Glossary of IH Terms
Helpful Idiopathic Hypersomnia (IH) words to know
Cataplexy (in Narcolepsy)
A sudden, brief loss of muscle control brought on by a strong emotion or emotional response, such as a hearty laugh, excitement, surprise, or anger. Although this may cause collapse, the patient remains fully conscious. The episode lasts from a few seconds to as long as several minutes.
Central nervous system.
Excessive daytime sleepiness; the inability to stay awake and alert during the day, resulting in periods of irrepressible need for sleep or unintended lapses into drowsiness or sleep.
Epworth Sleepiness Scale; a short, self-administered questionnaire designed to measure sleep propensity in a simple, standardized way (8 questions on a total scale of 0 to 24).
Idiopathic Hypersomnia Severity Scale; a brief, self-report instrument designed to measure the severity of key symptoms of hypersomnolence and their consequences.
Mean sleep latency; determined using a multiple sleep latency test (MSLT).
Multiple sleep latency test; a sleep test to measure the physiological tendency to fall asleep in quiet situations. The MSLT consists of five 20-minute nap opportunities at 2-hour intervals. The 2 parameters of most interest are the mean sleep latency (MSL) and the number of SOREMPs.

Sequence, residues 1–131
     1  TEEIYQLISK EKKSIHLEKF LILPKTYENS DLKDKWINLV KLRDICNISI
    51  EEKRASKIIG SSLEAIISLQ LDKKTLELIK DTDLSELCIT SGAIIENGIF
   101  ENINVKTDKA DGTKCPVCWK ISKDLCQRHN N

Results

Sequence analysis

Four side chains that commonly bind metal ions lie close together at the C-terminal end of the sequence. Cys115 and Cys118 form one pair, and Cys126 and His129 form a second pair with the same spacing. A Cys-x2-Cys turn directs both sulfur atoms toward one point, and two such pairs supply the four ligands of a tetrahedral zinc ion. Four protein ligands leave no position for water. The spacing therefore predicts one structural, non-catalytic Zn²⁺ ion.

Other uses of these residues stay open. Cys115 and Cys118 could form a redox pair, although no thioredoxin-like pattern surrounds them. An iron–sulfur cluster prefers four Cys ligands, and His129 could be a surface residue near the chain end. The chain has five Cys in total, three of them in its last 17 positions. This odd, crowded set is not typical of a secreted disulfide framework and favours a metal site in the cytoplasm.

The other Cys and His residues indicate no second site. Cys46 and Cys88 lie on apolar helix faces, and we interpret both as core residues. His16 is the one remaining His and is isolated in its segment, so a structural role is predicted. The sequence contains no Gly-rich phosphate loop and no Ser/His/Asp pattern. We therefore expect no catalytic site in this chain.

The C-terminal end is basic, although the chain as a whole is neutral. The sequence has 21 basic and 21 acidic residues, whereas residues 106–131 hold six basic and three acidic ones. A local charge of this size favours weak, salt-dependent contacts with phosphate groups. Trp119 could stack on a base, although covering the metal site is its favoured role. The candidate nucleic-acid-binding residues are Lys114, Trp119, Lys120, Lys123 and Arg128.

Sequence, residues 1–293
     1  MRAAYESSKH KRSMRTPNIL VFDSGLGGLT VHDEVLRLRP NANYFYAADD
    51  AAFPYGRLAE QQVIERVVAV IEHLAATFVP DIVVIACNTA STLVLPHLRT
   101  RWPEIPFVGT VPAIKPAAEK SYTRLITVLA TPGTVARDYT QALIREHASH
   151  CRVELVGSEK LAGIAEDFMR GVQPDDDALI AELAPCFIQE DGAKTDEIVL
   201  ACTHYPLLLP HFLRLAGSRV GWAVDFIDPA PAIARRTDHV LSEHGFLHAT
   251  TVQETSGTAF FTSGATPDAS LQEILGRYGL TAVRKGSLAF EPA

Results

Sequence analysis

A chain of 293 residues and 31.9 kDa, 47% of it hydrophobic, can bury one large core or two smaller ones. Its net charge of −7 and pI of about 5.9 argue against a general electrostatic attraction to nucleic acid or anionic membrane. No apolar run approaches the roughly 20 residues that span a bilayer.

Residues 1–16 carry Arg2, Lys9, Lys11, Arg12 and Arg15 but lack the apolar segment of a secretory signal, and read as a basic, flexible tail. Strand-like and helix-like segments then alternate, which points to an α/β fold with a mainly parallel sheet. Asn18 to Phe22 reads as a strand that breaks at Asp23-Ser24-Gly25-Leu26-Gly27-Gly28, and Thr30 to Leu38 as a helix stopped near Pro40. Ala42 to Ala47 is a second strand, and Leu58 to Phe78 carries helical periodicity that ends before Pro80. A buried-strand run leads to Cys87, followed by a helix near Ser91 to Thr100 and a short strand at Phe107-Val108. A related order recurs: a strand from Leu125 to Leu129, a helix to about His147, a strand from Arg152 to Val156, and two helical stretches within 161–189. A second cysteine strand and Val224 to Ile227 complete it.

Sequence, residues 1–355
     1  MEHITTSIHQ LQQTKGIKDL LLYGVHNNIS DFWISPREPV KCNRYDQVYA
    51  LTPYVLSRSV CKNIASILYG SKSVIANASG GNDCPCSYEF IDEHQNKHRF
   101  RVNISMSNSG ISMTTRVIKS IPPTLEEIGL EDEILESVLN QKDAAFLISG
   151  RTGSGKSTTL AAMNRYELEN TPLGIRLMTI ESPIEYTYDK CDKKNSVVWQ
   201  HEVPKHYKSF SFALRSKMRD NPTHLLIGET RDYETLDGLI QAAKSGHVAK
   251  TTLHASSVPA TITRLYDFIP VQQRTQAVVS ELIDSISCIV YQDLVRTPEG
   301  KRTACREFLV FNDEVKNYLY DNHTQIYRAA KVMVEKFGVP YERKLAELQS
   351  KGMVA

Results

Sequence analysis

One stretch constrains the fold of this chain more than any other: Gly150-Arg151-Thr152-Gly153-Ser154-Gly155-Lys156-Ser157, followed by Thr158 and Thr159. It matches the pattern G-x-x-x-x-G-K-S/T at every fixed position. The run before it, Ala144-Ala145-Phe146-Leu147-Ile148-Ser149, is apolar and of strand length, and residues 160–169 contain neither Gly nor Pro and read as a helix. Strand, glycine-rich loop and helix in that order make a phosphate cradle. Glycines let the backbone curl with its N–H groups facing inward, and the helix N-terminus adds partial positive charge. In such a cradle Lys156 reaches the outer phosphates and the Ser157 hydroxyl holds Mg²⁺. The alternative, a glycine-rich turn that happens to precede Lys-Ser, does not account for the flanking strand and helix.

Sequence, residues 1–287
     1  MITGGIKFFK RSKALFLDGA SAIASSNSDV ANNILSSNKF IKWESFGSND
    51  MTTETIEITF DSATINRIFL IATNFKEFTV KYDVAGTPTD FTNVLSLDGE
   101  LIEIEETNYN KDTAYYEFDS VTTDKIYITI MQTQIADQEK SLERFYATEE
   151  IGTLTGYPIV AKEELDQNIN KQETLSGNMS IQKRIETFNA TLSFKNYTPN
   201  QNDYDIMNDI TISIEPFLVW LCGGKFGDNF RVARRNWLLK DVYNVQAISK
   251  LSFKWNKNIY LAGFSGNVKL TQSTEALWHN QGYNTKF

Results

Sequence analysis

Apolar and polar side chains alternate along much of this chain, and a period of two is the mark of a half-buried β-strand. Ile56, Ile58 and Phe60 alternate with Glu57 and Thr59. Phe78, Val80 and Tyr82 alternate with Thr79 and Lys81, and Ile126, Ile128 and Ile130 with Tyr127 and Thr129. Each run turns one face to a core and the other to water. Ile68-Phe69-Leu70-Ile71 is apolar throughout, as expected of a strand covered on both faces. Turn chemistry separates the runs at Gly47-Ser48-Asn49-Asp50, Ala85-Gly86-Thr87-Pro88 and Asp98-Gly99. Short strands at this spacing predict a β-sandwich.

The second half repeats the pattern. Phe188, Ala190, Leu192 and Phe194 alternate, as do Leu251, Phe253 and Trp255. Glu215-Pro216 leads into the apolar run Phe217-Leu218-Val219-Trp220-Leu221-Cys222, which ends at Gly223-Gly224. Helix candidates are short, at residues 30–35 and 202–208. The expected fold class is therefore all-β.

A drop in blood pressure upon standing up.
Obstructive sleep apnea.
Polysomnogram; a multiparametric sleep test used to determine sleep latency, sleep time, sleep efficiency, arousals, and the time spent in each phase of sleep.
Discoloration of the fingers and/or toes after exposure to changes in temperature.
Rapid eye movement.
Percentage of total time in bed actually spent in sleep, calculated as sum of Stage N1, Stage N2, Stage N3, and REM sleep, divided by the total time in bed and multiplied by 100. Sleep efficiency gives an overall sense of how well the patient slept, but it does not distinguish frequent, brief episodes of wakefulness.
Sleep inertia, also known as “sleep drunkenness”
The severe inability to wake up in the morning. It has been characterized as being caught between sleep and wake states, with effects lasting anywhere from minutes to hours.
Sleep-onset rapid eye movement periods that occur within 15 minutes of sleep onset.